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Truck driver shortage worsens supply chain backlog

Truck driver shortage fuels supply chain gridlock
Truck driver shortage fuels supply chain grid... 01:52

Amid a shortage of truck drivers, there are more than 13 loads for every truck at the ports of Los Angeles and Long Beach, adding to the supply chain backlog. 

Long Beach port director Mario Cordero said he expects a new deal with the Biden administration — to keep ports open 24/7 — will help speed up long waits for truckers who are picking up shipments. 

"If a truck driver shows up at 5 in the morning, you're not going to wait two hours to get into the terminal," Cordero said. 

Most of the nation's goods are transported by truck. With drivers in demand, they are commanding higher salaries — up 25% since 2019, according to the American Trucking Association. 

"In a couple of years, I'd like to hit the six figures," said Ron Bodnar, who cited the pay as a driving factor in why he chose the profession.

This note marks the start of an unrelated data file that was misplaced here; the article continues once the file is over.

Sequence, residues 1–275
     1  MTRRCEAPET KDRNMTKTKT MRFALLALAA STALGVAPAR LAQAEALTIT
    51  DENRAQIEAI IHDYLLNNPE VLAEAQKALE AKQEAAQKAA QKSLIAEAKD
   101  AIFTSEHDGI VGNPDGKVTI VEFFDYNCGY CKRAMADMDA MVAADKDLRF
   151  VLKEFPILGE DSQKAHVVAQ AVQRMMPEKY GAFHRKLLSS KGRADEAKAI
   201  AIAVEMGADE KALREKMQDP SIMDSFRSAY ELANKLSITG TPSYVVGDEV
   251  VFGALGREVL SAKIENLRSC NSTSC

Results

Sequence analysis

But those who want to drive face hurdles. Harbor Trucking School owner Luis Franco said there's been a lot of interest in his school, but none of his drivers could get licenses for months when the pandemic hit because the Department of Motor Vehicles shut down. Even now, it can take months to get an appointment. 

"The DMV needs to make it a priority in order for them to get out there on the road and start making money," Franco said. 

Right now, it's about putting products back on store shelves ahead of the holiday season. 

"I think there are cost issues, particularly when you talk about labor costs for the third shift. On the other hand, what is the cost of doing nothing? We now see what that is," Cordero said. 

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